Children's laureate Malorie Blackman has urged library spending to be ringfenced by councils, to prevent even more closures around the country.
The Noughts & Crosses author also condemned libraries minister Ed Vaizey for failing to react to a succession of library closures.
Writing in the Guardian, Blackman said: "In August, when there was a danger of Jane Austen's ring leaving the country, the culture minister Ed Vaizey was quick to intervene with a temporary export bar as the ring is deemed to be a "national treasure" that should be "saved for the nation". I would argue that our public libraries are just as much of a national treasure as Jane Austen's ring and yet I have seen no such outrage from Vaizey at their closure."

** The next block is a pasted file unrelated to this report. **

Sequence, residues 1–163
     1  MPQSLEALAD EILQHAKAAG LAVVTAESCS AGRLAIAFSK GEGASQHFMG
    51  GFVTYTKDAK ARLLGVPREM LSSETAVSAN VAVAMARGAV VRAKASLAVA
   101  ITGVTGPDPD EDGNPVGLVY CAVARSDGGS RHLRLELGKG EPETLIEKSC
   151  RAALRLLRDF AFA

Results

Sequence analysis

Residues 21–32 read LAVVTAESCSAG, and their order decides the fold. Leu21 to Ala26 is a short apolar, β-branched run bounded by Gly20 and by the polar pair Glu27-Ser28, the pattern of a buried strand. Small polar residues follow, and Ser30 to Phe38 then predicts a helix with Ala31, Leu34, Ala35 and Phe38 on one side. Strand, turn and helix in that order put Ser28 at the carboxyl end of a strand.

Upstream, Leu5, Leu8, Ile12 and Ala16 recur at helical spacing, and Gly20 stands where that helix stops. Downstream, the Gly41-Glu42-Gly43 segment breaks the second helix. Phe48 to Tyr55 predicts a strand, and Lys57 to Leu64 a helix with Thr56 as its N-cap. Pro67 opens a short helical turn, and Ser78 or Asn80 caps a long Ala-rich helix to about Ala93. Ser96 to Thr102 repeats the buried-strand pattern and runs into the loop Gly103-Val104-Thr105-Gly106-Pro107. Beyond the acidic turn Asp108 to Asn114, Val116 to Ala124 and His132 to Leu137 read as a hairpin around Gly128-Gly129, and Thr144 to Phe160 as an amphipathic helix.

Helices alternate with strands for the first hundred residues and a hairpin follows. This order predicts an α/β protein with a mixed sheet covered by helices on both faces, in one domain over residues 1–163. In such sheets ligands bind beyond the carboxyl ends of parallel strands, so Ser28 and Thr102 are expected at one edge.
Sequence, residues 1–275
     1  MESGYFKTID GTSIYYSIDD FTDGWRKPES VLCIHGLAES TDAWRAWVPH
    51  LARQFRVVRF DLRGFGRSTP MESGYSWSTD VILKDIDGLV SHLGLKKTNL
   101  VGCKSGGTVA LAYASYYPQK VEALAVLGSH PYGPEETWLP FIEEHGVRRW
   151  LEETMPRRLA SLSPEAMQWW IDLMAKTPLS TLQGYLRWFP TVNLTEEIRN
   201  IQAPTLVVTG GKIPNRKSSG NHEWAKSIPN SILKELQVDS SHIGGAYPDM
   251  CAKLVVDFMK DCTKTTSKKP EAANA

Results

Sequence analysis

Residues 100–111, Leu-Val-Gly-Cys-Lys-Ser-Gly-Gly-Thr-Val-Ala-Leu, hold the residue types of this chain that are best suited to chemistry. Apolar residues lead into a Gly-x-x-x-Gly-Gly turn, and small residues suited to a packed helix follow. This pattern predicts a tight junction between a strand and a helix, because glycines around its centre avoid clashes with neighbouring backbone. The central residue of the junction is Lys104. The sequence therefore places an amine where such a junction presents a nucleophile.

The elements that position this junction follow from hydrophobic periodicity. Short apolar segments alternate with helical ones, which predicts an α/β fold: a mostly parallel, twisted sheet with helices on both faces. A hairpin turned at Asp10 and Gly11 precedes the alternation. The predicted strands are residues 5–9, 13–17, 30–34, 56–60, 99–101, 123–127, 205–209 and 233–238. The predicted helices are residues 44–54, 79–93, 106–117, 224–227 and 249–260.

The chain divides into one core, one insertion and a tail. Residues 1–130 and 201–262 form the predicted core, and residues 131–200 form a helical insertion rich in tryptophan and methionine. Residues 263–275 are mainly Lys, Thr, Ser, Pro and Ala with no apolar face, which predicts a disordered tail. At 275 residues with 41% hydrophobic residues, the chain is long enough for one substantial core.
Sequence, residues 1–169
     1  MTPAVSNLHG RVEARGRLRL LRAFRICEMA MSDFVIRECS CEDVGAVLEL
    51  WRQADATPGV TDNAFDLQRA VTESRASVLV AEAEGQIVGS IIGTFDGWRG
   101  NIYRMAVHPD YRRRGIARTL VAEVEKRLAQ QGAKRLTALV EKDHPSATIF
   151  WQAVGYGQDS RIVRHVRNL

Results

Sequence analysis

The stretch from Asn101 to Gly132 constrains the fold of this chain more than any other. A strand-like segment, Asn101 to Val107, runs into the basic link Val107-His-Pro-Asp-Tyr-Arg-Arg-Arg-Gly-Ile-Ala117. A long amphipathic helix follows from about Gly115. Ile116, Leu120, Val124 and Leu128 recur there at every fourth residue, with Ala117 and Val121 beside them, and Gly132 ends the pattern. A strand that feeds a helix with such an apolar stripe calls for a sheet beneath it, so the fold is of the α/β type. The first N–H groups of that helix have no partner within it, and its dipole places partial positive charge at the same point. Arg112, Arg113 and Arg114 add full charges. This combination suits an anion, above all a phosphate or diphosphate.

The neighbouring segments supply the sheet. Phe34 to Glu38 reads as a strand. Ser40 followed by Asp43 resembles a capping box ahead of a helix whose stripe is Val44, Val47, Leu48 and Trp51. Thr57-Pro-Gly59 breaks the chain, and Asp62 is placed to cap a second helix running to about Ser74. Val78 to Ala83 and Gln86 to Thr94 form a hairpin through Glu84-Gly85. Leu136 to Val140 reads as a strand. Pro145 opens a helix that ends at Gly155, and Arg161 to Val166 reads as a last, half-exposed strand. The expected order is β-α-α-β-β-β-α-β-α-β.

She added that there is: "surely a strong argument for library services, and in particular children's library services, to be ringfenced against such cuts", and cited figures from Public Library News which show more than 105 libraries in the UK have been closed or left local authority control since April 2012.
Blackman said: "Libraries switch children on to a love of reading, with all the ensuing benefits, and can make them lifelong readers. Without them, literacy may increasingly become the province of the lucky few, rather than the birthright of everyone."
On 21st September, CILIP, the Chartered Institute for Library and Information Professionals, voted to pass a motion of no confidence in Ed Vaizey, in response to the Government's failure to intervene in any library closures.
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